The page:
Propagation loss measurements

The propagation losses were evaluated over the three SixNy wafer compositions, for different waveguide widths (ranging from 500 nm to 1500 nm, with a step of 100 nm). Each propagation loss value was estimated using cut back measurements, performed on a set of 11 waveguides of different lengths (0.1 cm to 1.1 cm, with a step of 0.1 cm). The result of each cut-back measurement provided as output a fitted value (the propagation loss of a single waveguide width) and its associated standard deviation (αi ± σi). One hundred different cut back measurements were performed on one hundred, nominally identical, waveguide sets, thus providing a set of one hundred measurement results as follows: [α1 ± σ1, α2 ± σ2, α3 ± σ3, ……… α100 ± σ100]. The final, averaged, value was calculated as follows:

$$\overline{\alpha }\pm \overline{\sigma }=\mathop{\underbrace{\frac{{\alpha }_{1}+{\alpha }_{2}+{\alpha }_{3}+\mathrm{....}+{\alpha }_{100}}{100}}}\limits_{\overline{\alpha }}\pm \mathop{\underbrace{\sqrt{{\sigma }_{1}^{2}+{\sigma }_{2}^{2}+{\sigma }_{3}^{2}+\mathrm{....}+{\sigma }_{100}^{2}}}}\limits_{\overline{\sigma }}$$

Re{γ} measurements

Kerr coefficients were evaluated for each waveguide width (500 nm to 1500 nm) across the three different SixNy material wafers. According to equation (8), Re{γ} can be extracted by measuring the CW-FWM efficiency, at different pump power levels. For each measurement we used a minimum number of 40 different pump power levels to provide a power versus FWM-efficiency curve that can be fitted by a second order polynomial curve, which provides as an output the value of Re{γ} and its standard deviation σ. For each waveguide-width configuration, the measurement was repeated on one hundred nominally identical waveguides (L = 1 cm), providing a set of values: [Re{γ}1 ± σ 1, Re{γ}2 ± σ 2, Re{γ}3 ± σ 3, …., Re{γ}100 ± σ 100]. The averaged values, for each single waveguide, along with their standard deviation values were calculated as follows:

$$\begin{array}{lll}\overline{{\rm{Re}}\{\gamma \}}\pm \overline{\sigma } & = & \mathop{\underbrace{\frac{{\rm{Re}}{\{\gamma \}}_{1}+\mathrm{Re}{\{\gamma \}}_{2}+{\rm{Re}}{\{\gamma \}}_{3}+\mathrm{....}+{\rm{Re}}{\{\gamma \}}_{100}}{100}}}\limits_{\overline{{\rm{Re}}\{\gamma \}}}\\ & & \pm \mathop{\underbrace{\sqrt{{{\sigma }_{1}}^{2}+{{\sigma }_{2}}^{2}+{{\sigma }_{3}}^{2}+\mathrm{....}+{{\sigma }_{100}}^{2}}}}\limits_{\overline{\sigma }}\end{array}$$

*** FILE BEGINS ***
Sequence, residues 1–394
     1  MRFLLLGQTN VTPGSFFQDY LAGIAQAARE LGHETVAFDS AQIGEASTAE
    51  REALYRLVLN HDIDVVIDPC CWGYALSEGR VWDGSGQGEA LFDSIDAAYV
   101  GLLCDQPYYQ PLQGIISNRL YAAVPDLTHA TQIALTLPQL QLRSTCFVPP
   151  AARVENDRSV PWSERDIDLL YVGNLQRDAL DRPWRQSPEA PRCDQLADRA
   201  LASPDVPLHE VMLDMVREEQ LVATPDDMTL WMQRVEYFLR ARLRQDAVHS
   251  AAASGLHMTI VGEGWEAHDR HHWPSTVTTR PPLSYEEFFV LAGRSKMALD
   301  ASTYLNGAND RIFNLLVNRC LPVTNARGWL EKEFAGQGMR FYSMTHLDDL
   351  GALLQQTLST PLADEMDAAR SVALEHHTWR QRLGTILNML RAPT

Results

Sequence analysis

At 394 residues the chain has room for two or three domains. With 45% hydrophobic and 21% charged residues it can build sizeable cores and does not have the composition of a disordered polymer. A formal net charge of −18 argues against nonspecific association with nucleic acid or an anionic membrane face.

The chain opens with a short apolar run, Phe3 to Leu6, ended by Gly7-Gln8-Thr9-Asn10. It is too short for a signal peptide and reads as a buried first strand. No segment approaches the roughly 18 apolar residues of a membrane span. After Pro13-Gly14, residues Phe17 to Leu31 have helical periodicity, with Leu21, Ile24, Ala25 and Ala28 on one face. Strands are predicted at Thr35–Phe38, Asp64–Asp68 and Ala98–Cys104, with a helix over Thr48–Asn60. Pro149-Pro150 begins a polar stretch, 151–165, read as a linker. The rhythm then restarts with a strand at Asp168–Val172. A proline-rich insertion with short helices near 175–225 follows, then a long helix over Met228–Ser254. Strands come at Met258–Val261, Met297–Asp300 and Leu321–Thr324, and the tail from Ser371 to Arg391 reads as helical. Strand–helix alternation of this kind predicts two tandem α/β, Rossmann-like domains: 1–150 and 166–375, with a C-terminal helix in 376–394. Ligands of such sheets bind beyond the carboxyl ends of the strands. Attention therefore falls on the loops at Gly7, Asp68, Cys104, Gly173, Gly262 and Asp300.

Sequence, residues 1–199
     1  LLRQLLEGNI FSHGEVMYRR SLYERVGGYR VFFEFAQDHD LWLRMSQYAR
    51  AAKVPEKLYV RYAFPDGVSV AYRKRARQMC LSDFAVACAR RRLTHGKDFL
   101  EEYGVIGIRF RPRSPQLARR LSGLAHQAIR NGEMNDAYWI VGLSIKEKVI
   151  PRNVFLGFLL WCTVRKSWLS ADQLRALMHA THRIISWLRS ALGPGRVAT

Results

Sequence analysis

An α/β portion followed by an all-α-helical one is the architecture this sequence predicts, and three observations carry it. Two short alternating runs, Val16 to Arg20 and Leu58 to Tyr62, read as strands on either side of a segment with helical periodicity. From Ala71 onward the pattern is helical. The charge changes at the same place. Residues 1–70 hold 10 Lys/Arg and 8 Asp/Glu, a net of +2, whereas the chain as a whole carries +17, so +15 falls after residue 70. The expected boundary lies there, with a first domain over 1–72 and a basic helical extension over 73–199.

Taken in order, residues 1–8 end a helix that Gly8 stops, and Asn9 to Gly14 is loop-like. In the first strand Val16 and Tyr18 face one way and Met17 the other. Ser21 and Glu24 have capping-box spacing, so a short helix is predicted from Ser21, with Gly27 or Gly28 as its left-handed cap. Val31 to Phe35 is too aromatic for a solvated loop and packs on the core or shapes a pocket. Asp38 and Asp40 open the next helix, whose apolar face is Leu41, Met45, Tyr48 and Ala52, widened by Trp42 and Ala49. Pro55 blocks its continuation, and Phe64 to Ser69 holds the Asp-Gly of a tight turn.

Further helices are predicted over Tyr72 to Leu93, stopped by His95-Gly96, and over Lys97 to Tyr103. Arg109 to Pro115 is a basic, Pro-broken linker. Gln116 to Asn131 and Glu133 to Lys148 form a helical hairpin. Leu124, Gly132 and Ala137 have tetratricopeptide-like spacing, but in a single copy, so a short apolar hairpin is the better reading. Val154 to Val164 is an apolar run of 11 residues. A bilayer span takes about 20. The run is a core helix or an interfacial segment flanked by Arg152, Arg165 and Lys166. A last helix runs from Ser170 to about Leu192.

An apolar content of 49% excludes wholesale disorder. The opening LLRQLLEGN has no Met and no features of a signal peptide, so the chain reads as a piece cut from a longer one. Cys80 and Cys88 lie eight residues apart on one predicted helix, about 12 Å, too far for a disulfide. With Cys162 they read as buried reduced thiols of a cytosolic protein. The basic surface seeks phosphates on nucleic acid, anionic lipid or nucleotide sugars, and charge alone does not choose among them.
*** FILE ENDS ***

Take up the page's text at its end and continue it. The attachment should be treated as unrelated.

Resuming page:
Im{γ} measurements

The Im{γ} coefficient was assessed by employing an optical pulse transmission set-up, for each waveguide (for each different width), across the three SixNy wafers. For a single measurement we used a minimum of 40 input power levels. Each measurement session provided a single value of Im{γ} and its standard deviation σ. We repeated the same measurement session on one hundred nominally identical waveguides (L = 1 cm), producing a set of values: [Im{γ}1 ± σ 1, Im{γ}2 ± σ 2, Im{γ}3 ± σ 3, …., Im{γ}100 ± σ 100]. The averaged Im{γ} values, for each single waveguide, along their standard deviation values were calculated as follows:

$$\begin{array}{lll}\overline{{\rm{Im}}\{\gamma \}}\pm \overline{\sigma } & = & \mathop{\underbrace{\frac{{\rm{Im}}{\{\gamma \}}_{1}+{\rm{Im}}{\{\gamma \}}_{2}+{\rm{Im}}{\{\gamma \}}_{3}+\mathrm{....}+{\rm{Im}}{\{\gamma \}}_{100}}{100}}}\limits_{\overline{{\rm{Im}}\{\gamma \}}}\\ & & \pm \mathop{\underbrace{\sqrt{{{\sigma }_{1}}^{2}+{{\sigma }_{2}}^{2}+{{\sigma }_{3}}^{2}+\mathrm{....}+{{\sigma }_{100}}^{2}}}}\limits_{\overline{\sigma }}\end{array}$$


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This work was supported by the Engineering and Physical Sciences Research Council through the Project Silicon Photonics for Future Systems.

Author Contributions

C.L. designed the study, fabricated the devices, carried out the characterisation of all sample, performed data analysis and prepared the manuscript. S.S. was responsible for the wafer preparation, substantially contributed to the fabrication process and contributed in designing the study. A.K., T.D.B. and F.Y.G. provided fabrication support. G.T.R. supervised the clean-room related activities. D.J.R. provided steerage on the research direction. P.P. provided the overall supervision and technical leadership. All authors reviewed the manuscript.

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Lacava, C., Stankovic, S., Khokhar, A.Z. et al. Si-rich Silicon Nitride for Nonlinear Signal Processing Applications. Sci Rep 7, 22 (2017).